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Will They or Won't They? EU Sends Mixed Signals on New Microsoft Charges

In a confusing series of revelations, European Union (EU) trustbusters this week said that they were--or were not--seeking further antitrust charges against Microsoft, depending on who was speaking at the time. First, the "International Herald Tribune" reported that EU Competition Commissioner Neelie Kroes had told them that the European Commission (EC) was investigating further complaints against Microsoft, related to current and future products. However, EC spokesperson Jonathan Todd later told "Reuters" that the investigative body had no plans to open a new case against the software giant.

Will they or won't they? According to the Tribune, Kroes said that numerous companies had complained about further abuses by Microsoft, and that the EC wouldn't wait for the current antitrust case to go to court before raising new charges. "We have had informal complaints, and we are using our time now to look at them," she said. "We're not going to wait and do nothing."

Todd admitted that the EC had received complaints about Microsoft, but denied that the body would seek further charges. "The European Commission is not intending at the moment to open a new case against Microsoft," he said. "The Commission is, however, determined to ensure the proper application of the March 2004 decision and in particular the remedies imposed by that decision." Microsoft, you may recall, was ordered to pay a $620 million fine, ship a version of Windows XP without Windows Media Player (WMP), and to license server interoperability technologies to competitors. It has only slowly begun adhering to those requirements, leading to complaints that the company is purposefully dragging its feet.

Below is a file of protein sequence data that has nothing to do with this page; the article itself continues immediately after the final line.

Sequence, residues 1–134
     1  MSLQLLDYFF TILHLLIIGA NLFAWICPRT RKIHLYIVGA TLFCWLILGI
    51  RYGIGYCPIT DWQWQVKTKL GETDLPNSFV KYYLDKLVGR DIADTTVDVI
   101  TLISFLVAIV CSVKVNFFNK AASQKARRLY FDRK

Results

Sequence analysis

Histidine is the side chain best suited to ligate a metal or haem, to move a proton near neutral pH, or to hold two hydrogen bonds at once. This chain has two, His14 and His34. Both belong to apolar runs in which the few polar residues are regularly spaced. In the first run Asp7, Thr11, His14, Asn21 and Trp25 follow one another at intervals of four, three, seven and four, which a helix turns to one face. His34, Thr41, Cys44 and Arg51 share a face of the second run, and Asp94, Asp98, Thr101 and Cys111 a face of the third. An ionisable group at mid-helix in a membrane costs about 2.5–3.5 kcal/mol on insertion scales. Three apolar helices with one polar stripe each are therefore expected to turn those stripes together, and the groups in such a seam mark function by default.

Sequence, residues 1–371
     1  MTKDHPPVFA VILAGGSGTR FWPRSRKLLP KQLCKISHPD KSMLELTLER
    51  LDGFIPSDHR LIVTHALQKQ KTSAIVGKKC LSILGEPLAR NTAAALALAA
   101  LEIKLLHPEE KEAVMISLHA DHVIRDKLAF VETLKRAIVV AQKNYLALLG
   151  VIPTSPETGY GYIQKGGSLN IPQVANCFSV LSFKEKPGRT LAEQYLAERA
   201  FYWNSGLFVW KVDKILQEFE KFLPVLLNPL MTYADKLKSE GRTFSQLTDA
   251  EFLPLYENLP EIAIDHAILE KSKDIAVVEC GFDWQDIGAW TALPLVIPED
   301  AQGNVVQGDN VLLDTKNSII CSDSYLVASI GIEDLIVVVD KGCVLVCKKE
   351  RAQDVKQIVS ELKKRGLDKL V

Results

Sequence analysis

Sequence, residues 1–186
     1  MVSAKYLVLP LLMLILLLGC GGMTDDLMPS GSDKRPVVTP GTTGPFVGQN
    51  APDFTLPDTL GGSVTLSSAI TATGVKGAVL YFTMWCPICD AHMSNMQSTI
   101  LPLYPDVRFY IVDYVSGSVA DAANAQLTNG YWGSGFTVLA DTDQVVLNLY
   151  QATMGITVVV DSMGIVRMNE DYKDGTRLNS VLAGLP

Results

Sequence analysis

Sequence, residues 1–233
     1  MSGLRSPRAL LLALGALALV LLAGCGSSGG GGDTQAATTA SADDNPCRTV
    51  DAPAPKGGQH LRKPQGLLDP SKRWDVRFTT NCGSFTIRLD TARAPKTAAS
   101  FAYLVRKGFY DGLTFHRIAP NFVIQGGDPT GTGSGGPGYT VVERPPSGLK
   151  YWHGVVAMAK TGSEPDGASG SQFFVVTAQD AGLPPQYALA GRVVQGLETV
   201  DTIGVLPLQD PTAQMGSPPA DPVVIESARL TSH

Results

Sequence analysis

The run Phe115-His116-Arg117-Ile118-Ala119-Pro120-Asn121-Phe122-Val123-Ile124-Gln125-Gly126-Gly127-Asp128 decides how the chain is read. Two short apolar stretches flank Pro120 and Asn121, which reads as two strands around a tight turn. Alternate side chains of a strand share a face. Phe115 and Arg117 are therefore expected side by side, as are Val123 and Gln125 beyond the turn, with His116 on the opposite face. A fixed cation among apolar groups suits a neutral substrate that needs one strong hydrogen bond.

Asked for clarification on a possible second set of Microsoft charges, Todd later said that the EC was leaving its options open. "We are currently in the throes of analyzing these informal complaints and the decision as to whether or not we will open up new case against Microsoft will only be taken once we have completed our scrutiny, our examination of the information we have received," he said.

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